If New York legalizes marijuana, will prior convictions disappear?
As more states throughout the country pass legislation to legalize recreational marijuana, it seems like a foregone conclusion to many people that New York will likely pass similar legislation in the next few years, if not sooner.
On its face, for a number of reasons, this is a strong win for criminal defense advocates. Most prominently, the sheer number of arrests generated from possession of the drug is staggering, resulting in many defendants receiving harsh penalties. Others accept unfair plea bargains that may affect their rights and privileges for many years to come.
If you or someone you know faces possession charges for marijuana — or any drug — it is absolutely essential that you build a strong legal defense against these charges as soon as possible. The prosecution assigned to your case is paid to seek a conviction with strong penalties, and they are often very effective at their jobs. The guidance of an experienced defense attorney who understands the nuances of New York drug laws and the local justice system can help assess your charges and identify strategies you can use to protect yourself and your freedom.
Complicated aftermath for legalization
Unfortunately, legalizing marijuana is unlikely to mean that those who already received convictions related to their use or possession of the drug will suddenly see their criminal records suddenly revised to reflect the change.
Depending on the nature of the legislation that gets passed, this issue may or may not get addressed as part of the measure. In part, this is because drug charges are often not the only issues involved with a conviction.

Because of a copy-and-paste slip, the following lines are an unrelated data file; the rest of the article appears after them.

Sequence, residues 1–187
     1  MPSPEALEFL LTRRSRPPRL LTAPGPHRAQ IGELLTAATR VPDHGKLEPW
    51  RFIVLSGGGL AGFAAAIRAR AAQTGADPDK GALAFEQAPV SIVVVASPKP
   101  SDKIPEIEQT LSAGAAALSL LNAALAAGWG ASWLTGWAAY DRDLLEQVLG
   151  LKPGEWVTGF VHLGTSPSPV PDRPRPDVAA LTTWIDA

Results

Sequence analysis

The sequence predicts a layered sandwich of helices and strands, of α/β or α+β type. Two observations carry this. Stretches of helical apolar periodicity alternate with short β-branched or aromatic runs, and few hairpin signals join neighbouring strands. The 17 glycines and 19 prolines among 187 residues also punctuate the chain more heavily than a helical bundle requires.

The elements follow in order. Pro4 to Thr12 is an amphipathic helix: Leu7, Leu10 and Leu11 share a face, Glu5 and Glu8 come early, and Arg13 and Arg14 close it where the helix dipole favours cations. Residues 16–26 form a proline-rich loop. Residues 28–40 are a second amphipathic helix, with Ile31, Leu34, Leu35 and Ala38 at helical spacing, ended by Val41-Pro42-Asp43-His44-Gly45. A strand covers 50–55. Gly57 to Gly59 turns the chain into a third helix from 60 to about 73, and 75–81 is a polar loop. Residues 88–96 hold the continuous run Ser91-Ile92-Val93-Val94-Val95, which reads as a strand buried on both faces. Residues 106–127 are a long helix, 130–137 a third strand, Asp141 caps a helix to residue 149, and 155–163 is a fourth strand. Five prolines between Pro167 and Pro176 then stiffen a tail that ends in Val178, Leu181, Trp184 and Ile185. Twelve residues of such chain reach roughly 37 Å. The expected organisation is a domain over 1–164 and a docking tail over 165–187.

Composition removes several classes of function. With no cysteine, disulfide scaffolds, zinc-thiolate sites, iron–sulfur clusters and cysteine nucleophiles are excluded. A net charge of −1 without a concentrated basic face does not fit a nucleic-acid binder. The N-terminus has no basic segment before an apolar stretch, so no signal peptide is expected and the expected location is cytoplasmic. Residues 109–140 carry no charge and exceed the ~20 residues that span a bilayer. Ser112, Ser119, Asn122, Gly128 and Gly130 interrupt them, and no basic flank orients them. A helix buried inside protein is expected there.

The reality of the situation is that many individuals with existing convictions will likely need to take very specific actions to clear their records. Depending on the circumstances, they could face varying degrees of difficulty doing so. Those who received convictions for minor possession or similar low-level violations may succeed in expunging the conviction entirely, while those with felony convictions may have to start by seeking to downgrade the conviction to a misdemeanor.
These issues are also state-specific, so as each state chooses its individual stance on the matter, it must also outline the process by which convicted offenders may remedy their convictions. When Colorado legalized marijuana for recreational use in 2012, those with existing convictions did not receive automatic remedies, for instance.
Dealing with existing convictions remains an important component of legalization efforts, but is often the undercard issue, receiving far less attention in the media, even among advocate sources.
Protect your future as soon as you can
Whether you currently face possession charges or are looking for strategies to deal with an existing conviction in light of changing laws, you may benefit from greatly from personalized legal guidance. Don’t overlook any tools you have available as you fight to protect your rights and privileges from harsh legal penalties.